This is the fourth volume in a ground-breaking series of studies of medieval translation theory and practice. These essays represent exciting new work in the important and expanding field of translation studies. They range widely across a variety of literary works of the European Middle Ages and variously invite the reader to situate specific examples of medieval translational practice in a wider cultural and historical frame, by exploring such issues as gender, ethnic identity and medieval authorship.
Roger Ellis is Senior Lecturer in English Literature, University of Wales, College of Cardiff. He has published articles, books and papers on medieval translation theory, and on religious and other literature of the later Middle Ages. Ruth Evans is Lecturer in English Literature, University of Wales, College of Cardiff. She has published articles on medieval drama, medieval translation, and courtly literature and is co-editor of The Wife of Bath and All Her Sect (1993), a collection of feminist re-readings of medieval texts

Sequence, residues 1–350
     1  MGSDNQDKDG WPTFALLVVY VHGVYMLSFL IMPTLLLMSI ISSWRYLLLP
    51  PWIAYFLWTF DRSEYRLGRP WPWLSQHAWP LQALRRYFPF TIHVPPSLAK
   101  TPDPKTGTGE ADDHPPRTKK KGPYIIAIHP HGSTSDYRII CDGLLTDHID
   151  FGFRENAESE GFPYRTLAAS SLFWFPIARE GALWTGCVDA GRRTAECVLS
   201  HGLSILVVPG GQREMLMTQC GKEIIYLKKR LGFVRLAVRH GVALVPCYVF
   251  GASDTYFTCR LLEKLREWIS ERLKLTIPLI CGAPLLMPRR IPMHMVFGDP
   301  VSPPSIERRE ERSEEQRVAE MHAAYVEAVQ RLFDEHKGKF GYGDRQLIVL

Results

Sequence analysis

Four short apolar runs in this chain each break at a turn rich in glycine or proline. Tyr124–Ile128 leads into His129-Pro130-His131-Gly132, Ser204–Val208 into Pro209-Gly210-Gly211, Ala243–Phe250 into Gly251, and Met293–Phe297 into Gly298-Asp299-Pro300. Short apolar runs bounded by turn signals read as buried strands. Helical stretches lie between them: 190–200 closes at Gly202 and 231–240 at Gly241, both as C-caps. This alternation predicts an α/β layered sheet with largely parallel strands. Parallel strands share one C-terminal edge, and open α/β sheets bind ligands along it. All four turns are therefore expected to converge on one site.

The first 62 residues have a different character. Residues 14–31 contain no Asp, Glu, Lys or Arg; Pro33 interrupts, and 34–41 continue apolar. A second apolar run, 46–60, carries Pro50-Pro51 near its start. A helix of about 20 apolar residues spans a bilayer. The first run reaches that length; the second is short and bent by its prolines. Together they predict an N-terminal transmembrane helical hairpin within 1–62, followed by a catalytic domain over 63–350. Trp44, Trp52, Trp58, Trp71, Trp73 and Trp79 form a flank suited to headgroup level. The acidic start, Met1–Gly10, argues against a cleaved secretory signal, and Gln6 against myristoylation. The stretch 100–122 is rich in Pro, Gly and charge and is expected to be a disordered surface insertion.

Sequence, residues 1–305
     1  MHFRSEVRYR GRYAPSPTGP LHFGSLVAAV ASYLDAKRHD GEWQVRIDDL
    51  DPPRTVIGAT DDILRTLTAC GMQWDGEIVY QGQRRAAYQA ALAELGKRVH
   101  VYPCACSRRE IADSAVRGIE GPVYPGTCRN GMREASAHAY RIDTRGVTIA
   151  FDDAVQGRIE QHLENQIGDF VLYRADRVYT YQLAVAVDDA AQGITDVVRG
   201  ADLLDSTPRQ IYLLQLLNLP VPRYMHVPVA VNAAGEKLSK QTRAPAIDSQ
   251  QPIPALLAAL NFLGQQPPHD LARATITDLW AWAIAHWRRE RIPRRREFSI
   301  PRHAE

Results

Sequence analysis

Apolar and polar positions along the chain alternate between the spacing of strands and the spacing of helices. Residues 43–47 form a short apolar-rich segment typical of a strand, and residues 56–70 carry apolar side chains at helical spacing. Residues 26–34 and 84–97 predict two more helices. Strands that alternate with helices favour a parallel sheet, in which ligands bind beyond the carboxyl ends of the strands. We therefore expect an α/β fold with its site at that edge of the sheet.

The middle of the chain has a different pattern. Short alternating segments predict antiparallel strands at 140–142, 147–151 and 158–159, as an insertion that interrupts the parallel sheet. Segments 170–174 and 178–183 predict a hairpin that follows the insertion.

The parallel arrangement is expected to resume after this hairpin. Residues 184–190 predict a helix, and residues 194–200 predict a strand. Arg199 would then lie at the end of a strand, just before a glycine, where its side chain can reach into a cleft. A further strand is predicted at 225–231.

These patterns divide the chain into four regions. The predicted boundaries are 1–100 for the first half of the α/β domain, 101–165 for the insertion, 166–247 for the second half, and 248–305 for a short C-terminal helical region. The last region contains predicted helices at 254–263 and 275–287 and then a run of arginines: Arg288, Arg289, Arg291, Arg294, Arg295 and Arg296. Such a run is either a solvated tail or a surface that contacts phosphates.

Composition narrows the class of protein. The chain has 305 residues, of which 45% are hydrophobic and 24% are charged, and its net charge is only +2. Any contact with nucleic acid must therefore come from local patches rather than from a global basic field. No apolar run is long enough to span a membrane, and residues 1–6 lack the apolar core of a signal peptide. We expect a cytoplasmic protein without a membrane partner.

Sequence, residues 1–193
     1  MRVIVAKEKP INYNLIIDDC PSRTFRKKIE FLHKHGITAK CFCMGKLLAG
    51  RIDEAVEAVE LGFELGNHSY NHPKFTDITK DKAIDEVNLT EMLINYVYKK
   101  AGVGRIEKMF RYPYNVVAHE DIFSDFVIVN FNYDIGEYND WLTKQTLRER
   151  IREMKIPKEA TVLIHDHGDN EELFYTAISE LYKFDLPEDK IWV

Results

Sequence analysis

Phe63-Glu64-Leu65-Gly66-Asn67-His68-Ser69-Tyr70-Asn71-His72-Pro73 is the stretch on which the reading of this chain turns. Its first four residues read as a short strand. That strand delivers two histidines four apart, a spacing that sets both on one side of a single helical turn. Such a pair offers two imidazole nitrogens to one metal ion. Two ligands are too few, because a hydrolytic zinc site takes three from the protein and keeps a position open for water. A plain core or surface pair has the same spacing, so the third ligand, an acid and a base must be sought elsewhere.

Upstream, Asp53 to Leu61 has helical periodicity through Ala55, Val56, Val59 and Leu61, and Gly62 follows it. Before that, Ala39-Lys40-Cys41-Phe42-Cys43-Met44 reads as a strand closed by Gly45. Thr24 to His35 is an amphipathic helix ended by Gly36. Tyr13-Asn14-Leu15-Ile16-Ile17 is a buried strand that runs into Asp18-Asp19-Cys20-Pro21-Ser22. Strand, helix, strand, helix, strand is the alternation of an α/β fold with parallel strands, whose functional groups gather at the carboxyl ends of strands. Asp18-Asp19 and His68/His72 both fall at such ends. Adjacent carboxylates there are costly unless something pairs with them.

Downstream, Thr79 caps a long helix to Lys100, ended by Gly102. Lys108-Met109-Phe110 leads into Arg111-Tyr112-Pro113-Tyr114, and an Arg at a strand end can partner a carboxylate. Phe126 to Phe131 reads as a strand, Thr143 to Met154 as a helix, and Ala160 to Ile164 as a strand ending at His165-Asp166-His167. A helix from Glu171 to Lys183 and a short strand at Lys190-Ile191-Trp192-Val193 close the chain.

List of contributors Roger Ellis (By (author)) Ruth Evans (By (author)) Mary-Jo An (Contributions by) Rina Drory Drory (Contributions by) Roger Ellis (Contributions by) Ruth Evans (Contributions by) Ian R. Johnson (Contributions by) Veonica Lawrence (Contributions by) Helen Phillips (Contributions by) Denis Renevey (Contributions by) Anne Savage (Contributions by) René Tixier (Contributions by) Scott Westrem (Contributions by) Jocelyn Wogan-Browne (Contributions by)
It is in the Middle Ages that translation first becomes a self-conscious process; and translation is at the heart of medieval culture. But just as no medievalist can escape involvement in Translation Studies, no student of Translation Studies should be able to ignore the medieval contribution to the subject ... While the study of translation may be a focus for the study of power relations and the rest, it is worth remembering many translators love what they translate. All the contributors here are sensitive to the wider issues their work might imply, and what is striking in the best of them is the sympathy with which they approach texts that were after all concerned as something other than academic exercises.
Translation and Literature, Vol. 4
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